The Barrow government has undertaken limited initiatives to reduce corruption, which remains a serious problem. Allegations of corruption are frequently lodged against officials at all levels of government, and both state and semiofficial agencies have been accused of improperly funneling money to private citizens. While lawmakers have discussed anticorruption legislation, a proposed anticorruption commission has not yet been established, and an older anticorruption body is dormant.
|Does the government operate with openness and transparency?||1.001 4.004|
Government operations are generally opaque. Officials must make asset declarations to the ombudsman, but the declarations are not open to public and media scrutiny. There are widespread allegations of corruption in public procurement. Key licensing processes, especially for industries that rely on natural resources, are not transparent.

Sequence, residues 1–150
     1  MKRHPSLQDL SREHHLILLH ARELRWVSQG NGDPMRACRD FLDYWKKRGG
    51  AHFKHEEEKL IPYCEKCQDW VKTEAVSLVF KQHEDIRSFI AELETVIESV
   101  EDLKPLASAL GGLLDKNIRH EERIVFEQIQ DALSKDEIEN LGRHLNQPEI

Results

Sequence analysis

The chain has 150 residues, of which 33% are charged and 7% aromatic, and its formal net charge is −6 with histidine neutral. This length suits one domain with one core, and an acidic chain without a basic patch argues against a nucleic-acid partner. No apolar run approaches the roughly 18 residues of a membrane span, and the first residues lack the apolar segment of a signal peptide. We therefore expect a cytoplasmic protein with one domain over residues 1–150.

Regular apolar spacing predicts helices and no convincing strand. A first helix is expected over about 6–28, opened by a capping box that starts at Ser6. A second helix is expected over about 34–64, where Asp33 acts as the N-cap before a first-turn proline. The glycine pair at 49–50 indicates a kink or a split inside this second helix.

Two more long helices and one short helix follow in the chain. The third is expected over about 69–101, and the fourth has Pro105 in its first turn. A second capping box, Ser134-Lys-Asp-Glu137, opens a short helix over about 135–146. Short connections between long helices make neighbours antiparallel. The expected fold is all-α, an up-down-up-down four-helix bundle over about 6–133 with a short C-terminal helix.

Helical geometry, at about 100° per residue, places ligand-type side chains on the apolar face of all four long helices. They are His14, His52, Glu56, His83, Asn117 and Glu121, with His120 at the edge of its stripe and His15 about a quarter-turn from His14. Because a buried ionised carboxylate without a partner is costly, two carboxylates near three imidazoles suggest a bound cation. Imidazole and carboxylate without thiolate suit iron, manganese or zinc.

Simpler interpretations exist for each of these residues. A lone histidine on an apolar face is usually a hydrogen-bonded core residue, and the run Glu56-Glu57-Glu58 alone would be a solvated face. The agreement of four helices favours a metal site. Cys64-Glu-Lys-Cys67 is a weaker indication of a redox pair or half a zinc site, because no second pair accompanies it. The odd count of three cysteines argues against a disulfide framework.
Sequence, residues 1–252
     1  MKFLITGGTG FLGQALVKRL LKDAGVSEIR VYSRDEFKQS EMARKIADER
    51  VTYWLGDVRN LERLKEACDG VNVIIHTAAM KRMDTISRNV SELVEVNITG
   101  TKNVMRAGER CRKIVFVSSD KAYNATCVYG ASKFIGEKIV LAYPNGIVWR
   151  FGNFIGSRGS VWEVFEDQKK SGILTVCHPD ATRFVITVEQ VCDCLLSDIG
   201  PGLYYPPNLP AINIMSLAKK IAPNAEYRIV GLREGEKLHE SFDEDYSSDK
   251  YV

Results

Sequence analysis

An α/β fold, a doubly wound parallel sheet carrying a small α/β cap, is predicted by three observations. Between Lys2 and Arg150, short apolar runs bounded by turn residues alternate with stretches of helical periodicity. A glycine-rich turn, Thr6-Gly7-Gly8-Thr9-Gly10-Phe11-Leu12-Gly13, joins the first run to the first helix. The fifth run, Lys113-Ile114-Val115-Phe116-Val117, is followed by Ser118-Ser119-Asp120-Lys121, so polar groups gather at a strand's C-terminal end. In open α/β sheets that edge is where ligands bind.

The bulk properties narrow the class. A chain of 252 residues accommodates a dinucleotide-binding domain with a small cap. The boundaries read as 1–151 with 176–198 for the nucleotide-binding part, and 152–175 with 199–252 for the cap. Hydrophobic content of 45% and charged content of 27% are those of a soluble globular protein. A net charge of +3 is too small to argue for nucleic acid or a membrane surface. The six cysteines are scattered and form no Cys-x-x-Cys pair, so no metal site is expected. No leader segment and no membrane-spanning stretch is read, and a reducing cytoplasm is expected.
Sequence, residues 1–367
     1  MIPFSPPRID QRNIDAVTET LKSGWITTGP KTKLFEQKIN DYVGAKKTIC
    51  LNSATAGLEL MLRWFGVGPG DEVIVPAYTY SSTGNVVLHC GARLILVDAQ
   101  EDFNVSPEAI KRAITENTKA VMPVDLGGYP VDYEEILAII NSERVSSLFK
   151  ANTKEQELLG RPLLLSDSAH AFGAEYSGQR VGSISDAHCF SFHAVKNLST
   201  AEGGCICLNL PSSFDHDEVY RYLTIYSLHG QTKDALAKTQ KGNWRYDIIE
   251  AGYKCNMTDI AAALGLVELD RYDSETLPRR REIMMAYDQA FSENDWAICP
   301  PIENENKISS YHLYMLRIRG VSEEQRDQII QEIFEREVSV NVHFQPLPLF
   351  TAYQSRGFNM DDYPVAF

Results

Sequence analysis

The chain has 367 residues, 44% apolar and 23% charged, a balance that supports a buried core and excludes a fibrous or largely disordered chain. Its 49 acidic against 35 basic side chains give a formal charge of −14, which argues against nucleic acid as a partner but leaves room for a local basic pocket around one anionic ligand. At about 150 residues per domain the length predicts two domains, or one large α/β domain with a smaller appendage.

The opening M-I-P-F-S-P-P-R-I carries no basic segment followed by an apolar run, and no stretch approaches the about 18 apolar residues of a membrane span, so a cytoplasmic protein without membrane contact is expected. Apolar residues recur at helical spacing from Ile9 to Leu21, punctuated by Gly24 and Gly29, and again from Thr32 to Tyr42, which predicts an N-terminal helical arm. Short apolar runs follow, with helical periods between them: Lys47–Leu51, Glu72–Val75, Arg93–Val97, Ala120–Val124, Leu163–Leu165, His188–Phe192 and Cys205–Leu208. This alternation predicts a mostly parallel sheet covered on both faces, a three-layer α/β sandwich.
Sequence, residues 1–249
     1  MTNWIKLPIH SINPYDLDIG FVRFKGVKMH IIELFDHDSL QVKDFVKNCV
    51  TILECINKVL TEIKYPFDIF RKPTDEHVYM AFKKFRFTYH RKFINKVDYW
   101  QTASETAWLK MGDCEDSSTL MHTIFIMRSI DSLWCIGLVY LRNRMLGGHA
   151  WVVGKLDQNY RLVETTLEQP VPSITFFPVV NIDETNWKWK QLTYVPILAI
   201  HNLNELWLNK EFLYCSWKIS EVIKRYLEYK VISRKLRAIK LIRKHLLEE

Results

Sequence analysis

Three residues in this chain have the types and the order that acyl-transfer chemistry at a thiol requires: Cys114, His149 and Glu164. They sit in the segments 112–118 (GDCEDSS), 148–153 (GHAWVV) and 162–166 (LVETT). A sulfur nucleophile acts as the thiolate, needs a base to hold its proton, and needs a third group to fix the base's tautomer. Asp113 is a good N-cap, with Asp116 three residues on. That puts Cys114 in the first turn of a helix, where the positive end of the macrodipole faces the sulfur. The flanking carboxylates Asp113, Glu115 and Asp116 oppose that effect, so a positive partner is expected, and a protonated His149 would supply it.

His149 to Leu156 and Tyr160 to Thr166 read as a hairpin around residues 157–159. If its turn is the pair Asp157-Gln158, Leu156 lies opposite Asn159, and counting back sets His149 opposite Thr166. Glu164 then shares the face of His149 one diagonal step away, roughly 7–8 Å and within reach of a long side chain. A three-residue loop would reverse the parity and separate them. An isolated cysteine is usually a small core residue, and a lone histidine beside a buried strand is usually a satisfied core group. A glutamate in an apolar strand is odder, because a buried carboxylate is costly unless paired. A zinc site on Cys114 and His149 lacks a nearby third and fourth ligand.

The National Assembly passed the Access to Information Act in July 2021, and President Barrow signed it into law in August. Civil society groups had championed the legislation as a means to improve transparency and accountability, but it remained unclear whether it would be fully implemented in practice.
|Are there free and independent media?||2.002 4.004|